A respondent telegraphs both intent and knowledge when it squats on a trademark by creating minor typographical variations. There are a number of recent examples of variations on COMERICA: as in (reversing “m” and “e”), (adding an additional “e” before “i”), (doubling letters) and (selecting letters adjacent on the qwerty keyboard, “u” and “i” ). Substituting a “d” for an initial “c” to form “domerica” (“d” is adjacent on the board above “c”) may be less obvious – the Respondent claimed it “ independently coined the distinctive mark DOMERICA as a portmanteau of the words “domains” and “America.” The Panel was unimpressed because Respondent offered no evidence to support its use of in the manner specified to pass the 4(c)(i) test, Comerica Incorporated v. Charles M. Hatcher, D2012-1375 (WIPO August 24, 2012). “Domerica” could have passed muster had Respondent genuinely been using the domain name consistent with the portmanteau:
It is not clear that Respondent is even relying on paragraph 4(c)(i) of the Policy but giving Respondent the benefit of the doubt the Panel has considered Respondent’s evidence in accordance with it... [However,] [t]he evidence Complainant has provided the Panel shows an intermittent or sporadic use of the Domain Name for different commercial purposes (i.e., selling other domain names, sponsored links). The Panel is left to conclude that Respondent chose a domain name that infringed the rights of Complainant in order to attract Internet users to his site for financial gain. An infringing use is not a bona fide offering of goods or services.
This is where the telegraphing comes in. If the respondent lacks rights or legitimate interests in the domain name, then varying the domain name is conclusive on the intent and knowledge factors to satisfy conjunctive bad faith.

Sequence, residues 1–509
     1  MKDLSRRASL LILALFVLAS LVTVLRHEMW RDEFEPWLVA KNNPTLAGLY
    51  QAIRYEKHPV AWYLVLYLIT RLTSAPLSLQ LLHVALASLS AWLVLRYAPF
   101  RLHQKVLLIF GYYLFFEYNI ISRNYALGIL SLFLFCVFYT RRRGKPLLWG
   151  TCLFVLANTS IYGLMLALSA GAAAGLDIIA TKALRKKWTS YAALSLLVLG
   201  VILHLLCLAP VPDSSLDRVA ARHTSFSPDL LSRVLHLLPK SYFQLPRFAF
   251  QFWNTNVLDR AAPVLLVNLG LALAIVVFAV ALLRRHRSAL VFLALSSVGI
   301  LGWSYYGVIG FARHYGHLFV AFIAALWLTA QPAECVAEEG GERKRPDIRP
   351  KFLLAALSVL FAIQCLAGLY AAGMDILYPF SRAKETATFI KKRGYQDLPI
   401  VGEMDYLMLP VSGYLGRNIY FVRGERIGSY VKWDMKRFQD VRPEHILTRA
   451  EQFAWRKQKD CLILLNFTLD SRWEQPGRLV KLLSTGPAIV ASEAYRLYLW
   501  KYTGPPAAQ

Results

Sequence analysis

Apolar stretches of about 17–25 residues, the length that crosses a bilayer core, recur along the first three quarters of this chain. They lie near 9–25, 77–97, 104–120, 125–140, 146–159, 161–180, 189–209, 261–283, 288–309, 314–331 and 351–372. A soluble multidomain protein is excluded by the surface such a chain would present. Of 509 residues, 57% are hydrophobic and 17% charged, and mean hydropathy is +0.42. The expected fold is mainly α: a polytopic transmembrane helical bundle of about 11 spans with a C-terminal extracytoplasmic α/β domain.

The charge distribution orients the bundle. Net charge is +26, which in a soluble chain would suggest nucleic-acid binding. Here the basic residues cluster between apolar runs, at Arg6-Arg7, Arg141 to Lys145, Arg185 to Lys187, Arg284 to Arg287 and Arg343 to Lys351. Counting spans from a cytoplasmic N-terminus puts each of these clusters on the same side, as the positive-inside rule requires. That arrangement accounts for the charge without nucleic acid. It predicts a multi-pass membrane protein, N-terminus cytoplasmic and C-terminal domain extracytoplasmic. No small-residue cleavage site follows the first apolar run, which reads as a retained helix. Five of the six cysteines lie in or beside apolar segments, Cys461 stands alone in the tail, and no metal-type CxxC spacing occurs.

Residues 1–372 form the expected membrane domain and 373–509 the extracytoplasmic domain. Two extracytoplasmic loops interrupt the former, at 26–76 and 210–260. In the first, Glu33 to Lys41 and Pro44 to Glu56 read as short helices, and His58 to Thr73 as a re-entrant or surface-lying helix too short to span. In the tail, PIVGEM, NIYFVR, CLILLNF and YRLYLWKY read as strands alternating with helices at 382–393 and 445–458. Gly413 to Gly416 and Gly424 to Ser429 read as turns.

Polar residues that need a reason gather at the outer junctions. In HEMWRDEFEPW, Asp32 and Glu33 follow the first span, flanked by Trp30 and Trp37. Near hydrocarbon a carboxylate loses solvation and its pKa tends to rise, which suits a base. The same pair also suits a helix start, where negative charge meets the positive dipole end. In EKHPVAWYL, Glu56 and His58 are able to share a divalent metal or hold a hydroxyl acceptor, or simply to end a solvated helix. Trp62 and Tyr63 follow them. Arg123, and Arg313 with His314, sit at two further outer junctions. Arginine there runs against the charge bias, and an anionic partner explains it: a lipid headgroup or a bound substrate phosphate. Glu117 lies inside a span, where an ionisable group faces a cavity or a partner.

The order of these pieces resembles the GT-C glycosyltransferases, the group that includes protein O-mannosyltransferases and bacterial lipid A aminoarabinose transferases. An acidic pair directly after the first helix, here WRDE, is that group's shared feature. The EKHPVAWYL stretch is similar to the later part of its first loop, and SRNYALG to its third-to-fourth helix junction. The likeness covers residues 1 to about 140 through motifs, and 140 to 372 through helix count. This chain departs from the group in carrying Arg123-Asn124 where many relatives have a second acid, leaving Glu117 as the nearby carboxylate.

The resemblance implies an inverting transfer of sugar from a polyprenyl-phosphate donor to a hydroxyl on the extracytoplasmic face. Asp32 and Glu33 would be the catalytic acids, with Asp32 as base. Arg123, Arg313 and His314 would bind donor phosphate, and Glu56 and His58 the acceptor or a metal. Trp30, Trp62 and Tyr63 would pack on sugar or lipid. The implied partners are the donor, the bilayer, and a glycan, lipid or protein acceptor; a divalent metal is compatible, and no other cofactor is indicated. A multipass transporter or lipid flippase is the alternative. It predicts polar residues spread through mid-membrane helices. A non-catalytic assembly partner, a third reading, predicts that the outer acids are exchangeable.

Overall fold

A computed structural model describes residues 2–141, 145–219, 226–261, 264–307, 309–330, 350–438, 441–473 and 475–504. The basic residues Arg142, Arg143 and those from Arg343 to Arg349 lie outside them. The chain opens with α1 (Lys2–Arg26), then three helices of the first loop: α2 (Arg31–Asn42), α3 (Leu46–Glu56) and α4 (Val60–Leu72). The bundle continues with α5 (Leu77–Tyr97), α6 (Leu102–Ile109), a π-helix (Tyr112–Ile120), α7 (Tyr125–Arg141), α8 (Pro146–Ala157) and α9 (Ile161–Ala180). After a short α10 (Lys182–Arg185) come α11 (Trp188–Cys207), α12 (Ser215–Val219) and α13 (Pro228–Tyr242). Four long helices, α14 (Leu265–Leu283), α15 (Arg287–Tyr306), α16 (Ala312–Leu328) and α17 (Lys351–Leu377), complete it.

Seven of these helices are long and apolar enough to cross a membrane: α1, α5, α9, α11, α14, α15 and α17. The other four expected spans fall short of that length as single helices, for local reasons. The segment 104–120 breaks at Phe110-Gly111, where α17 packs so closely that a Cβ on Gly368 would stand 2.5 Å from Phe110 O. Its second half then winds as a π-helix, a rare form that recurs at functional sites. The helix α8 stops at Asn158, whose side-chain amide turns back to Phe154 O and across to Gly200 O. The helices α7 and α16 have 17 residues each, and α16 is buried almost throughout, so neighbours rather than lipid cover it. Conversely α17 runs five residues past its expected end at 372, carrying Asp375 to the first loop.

There are other factual situations, however, that at first glance may appear to be typographic variations, but are in an entirely different class. In LivingSocial, Inc. v. chris jensen, FA1208001456244 (Nat. Arb. Forum September 10, 2012) the dispute was over an absent “i”. LIVING SOCIAL and. But here the Respondent countered that “socal” was an abbreviation for “Southern California” and that it uses the domain name “to host a website describing the real estate market in Southern California and providing information regarding Respondent’s real estate practice.” The Panel held
The Panel finds that a respondent is free to register a domain name consisting of common terms and that the domain name currently in dispute contains such common terms.
Another example is the dispute in Netbank Inc. v. Banco Nacional de Mexico, D2012-1436 (WIPO September 2, 2012). Complainant claims to have common law rights to NETBANK and BANKNET. Respondent registered apparently adding an “a” between “bank” and “net.” Separate and apart from Complainant’s failure of proof for standing to maintain the proceeding, the Respondent contended
that the trademark BANCANET is used by the Respondent with respect to financial services through different means, including its use on the Respondent’s website at “www.banamex.com”, and more specifically, in the URL https://bancanet. boveda.banamex.com.mx/serban/index.htm, that such use is a legitimate commercial use and also demonstrates that the Respondent has rights and legitimate interests in respect of the name BANCANET and in the disputed domain name.
In this case, even assuming that Complainant held registered marks in the United States and Canada, its apparent markets for financial services, it would have failed to make its prima facie case based on the Respondent’s rebuttal proof that it had both rights and legitimate interests in the use of the domain name.